Near unanimous UN vote for international observers in region

By The Associated Press
12/21/01


UNITED NATIONS - Five days after the United States
vetoed a Palestinian-backed Security Council
resolution calling for monitoring Israeli actions,
Palestinian supporters put their case to the larger
General Assembly and won overwhelming approval.

The assembly vote on Thursday has no binding authority
but carries the weight of international opinion.

The resolution, vetoed by the United States on
Saturday, passed Thursday in the 189-nation Assembly
by a vote of 124-6, with 25 abstentions.

The measure condemned acts of terror against Israelis
and Palestinians, demanded an end to nearly 15 months
of Mideast violence and asked for a monitoring
mechanism to bring in observers, which Israel opposes.
 

The Assembly also passed a second resolution,
demanding that Israel as an occupying power,
immediately refrain from such acts as willful killing,
torture, and extensive destruction of property.

That vote was 133-4, with 16 abstentions.

In a veiled attack on the United States, the
Palestinian U.N. observer, Nasser Al-Kidwa, said "the
15-member Security Council is being used by some only
when it suits them."

The United States voted against both resolutions on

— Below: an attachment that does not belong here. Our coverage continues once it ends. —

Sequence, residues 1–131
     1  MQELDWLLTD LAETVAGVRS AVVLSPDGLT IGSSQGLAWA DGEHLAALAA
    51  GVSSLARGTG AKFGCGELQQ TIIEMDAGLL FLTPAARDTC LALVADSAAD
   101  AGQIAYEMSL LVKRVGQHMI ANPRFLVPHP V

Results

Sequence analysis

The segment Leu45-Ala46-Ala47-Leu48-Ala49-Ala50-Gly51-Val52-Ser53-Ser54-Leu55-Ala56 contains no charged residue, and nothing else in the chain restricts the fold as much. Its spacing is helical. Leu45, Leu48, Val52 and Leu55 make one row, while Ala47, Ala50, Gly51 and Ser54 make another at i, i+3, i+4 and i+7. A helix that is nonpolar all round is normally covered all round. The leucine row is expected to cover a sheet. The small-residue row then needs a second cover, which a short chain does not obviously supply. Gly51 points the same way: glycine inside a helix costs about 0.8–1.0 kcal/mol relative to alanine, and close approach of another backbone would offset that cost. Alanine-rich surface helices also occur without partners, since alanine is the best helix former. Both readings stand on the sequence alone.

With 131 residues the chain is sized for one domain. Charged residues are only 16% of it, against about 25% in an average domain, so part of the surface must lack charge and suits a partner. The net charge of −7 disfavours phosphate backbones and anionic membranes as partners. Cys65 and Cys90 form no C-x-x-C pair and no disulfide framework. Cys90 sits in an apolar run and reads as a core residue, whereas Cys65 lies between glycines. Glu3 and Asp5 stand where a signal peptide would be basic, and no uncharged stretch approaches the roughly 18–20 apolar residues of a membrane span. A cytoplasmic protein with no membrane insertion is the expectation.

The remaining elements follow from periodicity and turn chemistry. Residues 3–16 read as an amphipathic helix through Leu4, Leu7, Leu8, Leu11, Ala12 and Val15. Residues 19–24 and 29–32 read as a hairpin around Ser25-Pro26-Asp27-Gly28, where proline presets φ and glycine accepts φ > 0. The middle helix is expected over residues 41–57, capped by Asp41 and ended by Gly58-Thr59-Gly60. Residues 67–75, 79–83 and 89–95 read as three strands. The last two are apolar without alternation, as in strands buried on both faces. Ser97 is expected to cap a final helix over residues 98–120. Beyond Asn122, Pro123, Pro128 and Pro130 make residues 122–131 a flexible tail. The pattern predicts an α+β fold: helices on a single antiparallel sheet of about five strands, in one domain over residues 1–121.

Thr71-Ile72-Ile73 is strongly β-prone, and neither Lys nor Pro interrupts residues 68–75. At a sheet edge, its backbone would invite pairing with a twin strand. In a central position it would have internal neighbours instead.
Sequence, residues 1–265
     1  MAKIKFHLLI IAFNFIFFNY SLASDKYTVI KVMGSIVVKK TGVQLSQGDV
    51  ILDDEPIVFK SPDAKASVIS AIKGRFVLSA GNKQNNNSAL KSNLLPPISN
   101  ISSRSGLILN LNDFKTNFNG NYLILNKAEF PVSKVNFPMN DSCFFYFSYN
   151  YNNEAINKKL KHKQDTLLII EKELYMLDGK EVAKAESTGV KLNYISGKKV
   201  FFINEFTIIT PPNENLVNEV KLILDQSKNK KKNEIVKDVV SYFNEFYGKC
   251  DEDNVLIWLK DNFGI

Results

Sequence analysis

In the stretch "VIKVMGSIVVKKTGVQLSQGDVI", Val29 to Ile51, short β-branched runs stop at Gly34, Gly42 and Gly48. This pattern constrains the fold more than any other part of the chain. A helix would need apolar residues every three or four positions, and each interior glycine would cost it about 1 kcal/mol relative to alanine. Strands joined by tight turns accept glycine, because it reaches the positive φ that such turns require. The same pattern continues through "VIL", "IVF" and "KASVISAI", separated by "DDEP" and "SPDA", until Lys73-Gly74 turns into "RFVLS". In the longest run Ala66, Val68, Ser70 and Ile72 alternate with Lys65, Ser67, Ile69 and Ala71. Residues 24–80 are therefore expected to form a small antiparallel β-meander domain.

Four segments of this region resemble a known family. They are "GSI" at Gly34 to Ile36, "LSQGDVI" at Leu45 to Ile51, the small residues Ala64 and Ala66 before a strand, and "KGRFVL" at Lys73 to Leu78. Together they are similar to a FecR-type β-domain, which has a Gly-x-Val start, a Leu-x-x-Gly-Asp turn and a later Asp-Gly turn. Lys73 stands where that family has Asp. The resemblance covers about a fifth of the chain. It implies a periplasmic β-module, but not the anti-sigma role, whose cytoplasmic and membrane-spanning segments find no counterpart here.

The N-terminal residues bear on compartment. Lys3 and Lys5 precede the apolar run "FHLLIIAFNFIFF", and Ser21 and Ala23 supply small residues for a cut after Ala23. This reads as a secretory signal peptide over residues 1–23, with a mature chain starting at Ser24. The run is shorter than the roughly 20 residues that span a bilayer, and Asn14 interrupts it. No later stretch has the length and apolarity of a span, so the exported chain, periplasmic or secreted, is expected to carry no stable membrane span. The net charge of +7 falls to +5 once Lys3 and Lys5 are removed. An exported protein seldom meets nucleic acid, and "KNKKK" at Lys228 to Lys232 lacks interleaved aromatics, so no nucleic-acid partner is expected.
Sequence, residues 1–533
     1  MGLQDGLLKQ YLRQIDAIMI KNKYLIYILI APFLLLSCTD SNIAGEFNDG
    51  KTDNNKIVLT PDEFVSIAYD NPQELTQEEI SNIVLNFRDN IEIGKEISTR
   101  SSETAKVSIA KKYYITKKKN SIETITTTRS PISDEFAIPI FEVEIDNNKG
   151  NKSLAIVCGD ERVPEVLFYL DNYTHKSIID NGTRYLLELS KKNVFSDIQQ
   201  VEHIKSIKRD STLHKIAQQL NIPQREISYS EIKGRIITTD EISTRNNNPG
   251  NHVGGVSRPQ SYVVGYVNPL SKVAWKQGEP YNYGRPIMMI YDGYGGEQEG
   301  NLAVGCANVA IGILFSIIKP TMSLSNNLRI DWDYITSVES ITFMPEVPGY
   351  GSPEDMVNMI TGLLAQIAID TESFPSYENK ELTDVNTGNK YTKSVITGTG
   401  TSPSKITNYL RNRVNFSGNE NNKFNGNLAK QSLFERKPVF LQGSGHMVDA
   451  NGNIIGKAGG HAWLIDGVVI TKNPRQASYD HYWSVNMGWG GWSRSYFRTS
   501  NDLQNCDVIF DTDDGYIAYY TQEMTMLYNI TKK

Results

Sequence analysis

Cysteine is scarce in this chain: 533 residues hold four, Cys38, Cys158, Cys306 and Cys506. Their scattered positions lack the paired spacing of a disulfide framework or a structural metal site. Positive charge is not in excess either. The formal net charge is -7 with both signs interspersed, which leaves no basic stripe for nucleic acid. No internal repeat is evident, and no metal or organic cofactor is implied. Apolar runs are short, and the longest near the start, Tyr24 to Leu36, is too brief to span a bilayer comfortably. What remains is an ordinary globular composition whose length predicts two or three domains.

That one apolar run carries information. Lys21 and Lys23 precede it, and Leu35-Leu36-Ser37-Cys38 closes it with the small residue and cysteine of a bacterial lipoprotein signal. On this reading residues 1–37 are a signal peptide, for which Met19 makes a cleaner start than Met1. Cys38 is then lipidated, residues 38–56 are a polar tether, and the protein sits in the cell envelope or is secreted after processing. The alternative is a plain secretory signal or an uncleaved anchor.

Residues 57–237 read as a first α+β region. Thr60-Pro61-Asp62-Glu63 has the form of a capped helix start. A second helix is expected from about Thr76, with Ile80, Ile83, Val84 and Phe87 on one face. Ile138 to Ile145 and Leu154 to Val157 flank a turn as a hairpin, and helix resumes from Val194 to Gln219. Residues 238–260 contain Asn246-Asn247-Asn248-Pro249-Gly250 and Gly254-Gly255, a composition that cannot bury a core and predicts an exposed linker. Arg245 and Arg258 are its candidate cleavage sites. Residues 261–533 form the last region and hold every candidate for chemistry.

Thursday.

These one-sided resolutions do nothing to further the
goals of ending the violence between the Palestinians
and Israelis and to get both parties back to the peace
table, U.S. Ambassador John Negroponte said.

Terrorism cannot be justified by any cause, said
Negroponte, who objected that the resolution made no
reference to the attacks on Israel.

Israel's deputy U.N. ambassador Aaron Jacob said "the
resolutions invoke misleading language and amount to
an effort to provide diplomatic cover and manipulate
the United Nations into providing a rubber stamp for
the chronic failure to end the Palestinian terrorist
campaign."

The request for the emergency Assembly session was
made by Egypt on behalf of the Arab League and South
Africa, which heads the Non-Aligned Movement of mainly
developing countries.

Egypt's U.N. Ambassador Ahmed Aboul Gheit said
Wednesday that "supporters of the resolution believe
an endorsement by the General Assembly would help the
Palestinians and show that international legality and
world opinion is… supporting the just needs of the
Palestinian people under occupation.